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DEEP Extended Reach

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Supercomputers promise to tackle pressing global issues

A new ‘turbocharged’ supercomputer concept could bring benefits to a wide range of research applications, from climate change to exploration of the human brain. The next step is to introduce high powered computing from several modules into one machine.

Digital Economy

Exascale computing, in which a quintillion (1018) calculations can be performed every second, is expected to become the standard for supercomputers over the next few years. The impressive success of applying in silico (performed on computer) simulation techniques to highly complex scientific and commercial problems has increased the demand for large, fast and powerful systems that can handle the intensive workload involved. The DEEP and DEEP-ER projects (Dynamical Exascale Entry Platform / -Extended Reach), involving 20 partners across ten European countries, built computer prototypes to implement the innovative Cluster-Booster concept. Complex parts of a programme with limited parallelism execute on the Cluster, while the Booster runs highly parallelisable parts with high energy efficiency. Turbocharged computing ‘The DEEP prototypes are very flexible systems that have a lot in common with a turbocharged engine,’ explains project manager Estela Suárez. ‘They are engineered for performance and energy efficiency, while at the same time ensuring ease of use. The latter is achieved by providing a full system software stack and a standards-compliant programming environment to our users.’ Some 11 scientific and engineering applications, representative of future Exascale computing requirements, were carefully selected to drive hardware/software co-design. These included brain simulation, climate research, radio astronomy, seismic imaging for the oil and gas industry and human exposure to electromagnetic fields. Typical future users might also include neuroscientists, astronomers, meteorologists, seismologists, physicists, aeroplane designers, automotive engineers and many others, since the concept is designed to cover the needs of very different kinds of applications. Whereas in the first project (DEEP), the focus lay on bringing to life a prototype as proof of concept for the Cluster-Booster approach, the ambitious R&D developments of DEEP-ER concentrated on improving the software stack and leveraging innovative memory technologies. DEEP-ER delivered on substantial additional parallel Input/Output (I/O) capability for higher throughput. Plus, it made the supercomputer more resilient through a multi-level checkpoint and restart mechanism that guards against data loss should any hardware fail. Key to these achievements was a strong co-design approach. System software experts worked closely with the hardware team to leverage the innovative, multi-level memory system for I/O and resiliency. On top of this the system software team acted as a link to end users, to ensure that they are able to make efficient use of the new innovative technologies. The radio astronomy application by partner ASTRON for example was able to achieve considerable performance improvements with respect to I/O using one of the innovative memory technologies implemented in DEEP-ER. The results achieved in DEEP-ER cut across the complete HPC stack and demonstrate strikingly the innovative potential of European universities, research centres, as well as European industry and SMEs. Deeper into supercomputing Ahead in the DEEP projects roadmap is the realisation of a Modular Supercomputer in the DEEP-EST (“DEEP - Extreme Scale Technologies”) project, which started in July 2017 and runs until mid-2020. DEEP-EST will generalise the Cluster-Booster approach to create a unique HPC system that couples several compute modules in one machine. Each module is a multi-node system tailored to the needs of a specific group of applications – be they traditional HPC applications, HPDA (high performance data analysis) codes or data intensive applications. Users will be able to mix and match the resources provided by the modules and thus configure their very own supercomputer according to the building-block principle. The EU has contributed with a combined total of almost EUR 30 million to DEEP, DEEP-ER and DEEP-EST projects.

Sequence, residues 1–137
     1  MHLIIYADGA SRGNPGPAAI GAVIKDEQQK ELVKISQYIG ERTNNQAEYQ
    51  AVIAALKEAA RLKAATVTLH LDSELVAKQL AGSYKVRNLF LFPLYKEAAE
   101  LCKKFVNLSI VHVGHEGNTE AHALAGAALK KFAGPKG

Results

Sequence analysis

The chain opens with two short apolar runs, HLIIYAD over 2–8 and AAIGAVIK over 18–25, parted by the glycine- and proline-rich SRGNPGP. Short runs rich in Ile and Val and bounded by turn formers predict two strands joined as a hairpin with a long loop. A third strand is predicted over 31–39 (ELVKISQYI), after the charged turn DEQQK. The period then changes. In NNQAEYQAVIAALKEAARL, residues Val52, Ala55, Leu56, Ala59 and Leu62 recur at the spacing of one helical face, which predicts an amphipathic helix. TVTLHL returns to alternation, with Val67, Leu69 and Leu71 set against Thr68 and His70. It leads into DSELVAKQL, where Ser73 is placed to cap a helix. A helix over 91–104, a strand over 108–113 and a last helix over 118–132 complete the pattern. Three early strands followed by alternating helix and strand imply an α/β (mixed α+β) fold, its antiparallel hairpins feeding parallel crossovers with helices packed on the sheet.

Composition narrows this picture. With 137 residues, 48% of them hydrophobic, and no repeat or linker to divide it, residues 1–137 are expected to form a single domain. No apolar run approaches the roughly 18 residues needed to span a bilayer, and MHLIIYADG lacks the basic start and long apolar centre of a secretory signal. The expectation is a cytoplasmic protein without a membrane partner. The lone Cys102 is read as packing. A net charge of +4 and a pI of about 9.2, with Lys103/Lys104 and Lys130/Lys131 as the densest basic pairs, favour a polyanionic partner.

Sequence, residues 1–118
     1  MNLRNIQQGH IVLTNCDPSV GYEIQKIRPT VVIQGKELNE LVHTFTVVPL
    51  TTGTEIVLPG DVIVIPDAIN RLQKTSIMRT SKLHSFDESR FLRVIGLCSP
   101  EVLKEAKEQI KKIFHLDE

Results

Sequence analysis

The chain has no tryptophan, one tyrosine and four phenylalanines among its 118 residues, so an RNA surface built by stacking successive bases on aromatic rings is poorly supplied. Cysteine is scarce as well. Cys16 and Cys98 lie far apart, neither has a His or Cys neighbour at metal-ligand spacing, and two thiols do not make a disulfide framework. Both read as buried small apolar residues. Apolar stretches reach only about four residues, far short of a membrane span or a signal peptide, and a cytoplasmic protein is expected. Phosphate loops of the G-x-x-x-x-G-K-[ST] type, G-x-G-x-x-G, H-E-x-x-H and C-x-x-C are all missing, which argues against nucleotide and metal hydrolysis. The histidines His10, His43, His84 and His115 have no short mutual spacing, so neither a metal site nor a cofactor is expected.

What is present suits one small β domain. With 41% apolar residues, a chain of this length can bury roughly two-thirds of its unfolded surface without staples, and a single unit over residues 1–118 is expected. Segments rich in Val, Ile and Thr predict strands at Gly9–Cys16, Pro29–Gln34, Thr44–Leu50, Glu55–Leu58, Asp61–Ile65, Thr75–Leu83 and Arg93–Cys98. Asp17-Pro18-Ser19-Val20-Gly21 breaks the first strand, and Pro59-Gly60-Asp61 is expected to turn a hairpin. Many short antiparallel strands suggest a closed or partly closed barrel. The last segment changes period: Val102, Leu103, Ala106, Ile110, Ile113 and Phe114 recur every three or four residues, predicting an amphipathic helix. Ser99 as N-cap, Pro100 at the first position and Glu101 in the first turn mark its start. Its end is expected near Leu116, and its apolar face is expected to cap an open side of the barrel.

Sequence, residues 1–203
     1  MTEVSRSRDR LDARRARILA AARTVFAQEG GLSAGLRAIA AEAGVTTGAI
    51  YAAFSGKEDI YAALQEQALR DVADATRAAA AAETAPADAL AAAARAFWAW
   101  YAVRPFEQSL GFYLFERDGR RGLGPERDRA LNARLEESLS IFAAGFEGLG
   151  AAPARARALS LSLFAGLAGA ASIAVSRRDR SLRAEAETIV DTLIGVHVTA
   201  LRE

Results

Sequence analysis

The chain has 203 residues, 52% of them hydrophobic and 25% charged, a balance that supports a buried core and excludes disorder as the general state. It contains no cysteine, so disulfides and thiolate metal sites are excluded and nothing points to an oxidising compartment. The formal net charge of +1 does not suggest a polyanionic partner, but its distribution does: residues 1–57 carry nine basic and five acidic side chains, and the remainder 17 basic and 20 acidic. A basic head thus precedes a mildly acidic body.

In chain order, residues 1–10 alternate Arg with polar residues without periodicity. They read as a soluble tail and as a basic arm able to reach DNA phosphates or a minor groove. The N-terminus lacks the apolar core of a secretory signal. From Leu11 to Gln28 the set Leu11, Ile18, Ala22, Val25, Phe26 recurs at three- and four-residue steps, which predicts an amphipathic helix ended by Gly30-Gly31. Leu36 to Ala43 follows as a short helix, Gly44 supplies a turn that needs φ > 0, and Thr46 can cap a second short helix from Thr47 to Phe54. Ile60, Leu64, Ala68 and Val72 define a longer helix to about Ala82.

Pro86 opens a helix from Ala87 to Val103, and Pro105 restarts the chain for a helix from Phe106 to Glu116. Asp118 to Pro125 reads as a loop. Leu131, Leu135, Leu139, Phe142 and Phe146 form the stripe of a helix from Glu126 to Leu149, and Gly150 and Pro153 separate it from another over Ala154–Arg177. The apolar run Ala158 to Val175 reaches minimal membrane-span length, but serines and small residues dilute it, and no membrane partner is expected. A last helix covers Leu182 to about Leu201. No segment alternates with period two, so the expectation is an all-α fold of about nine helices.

Supercomputer, HPC, high performance computing, DEEP, DEEP-ER, DEEP-EST Exascale, Cluster-Booster, Modular Supercomputer, energy efficiency, prototype, direct liquid cooling, programming environment, applications

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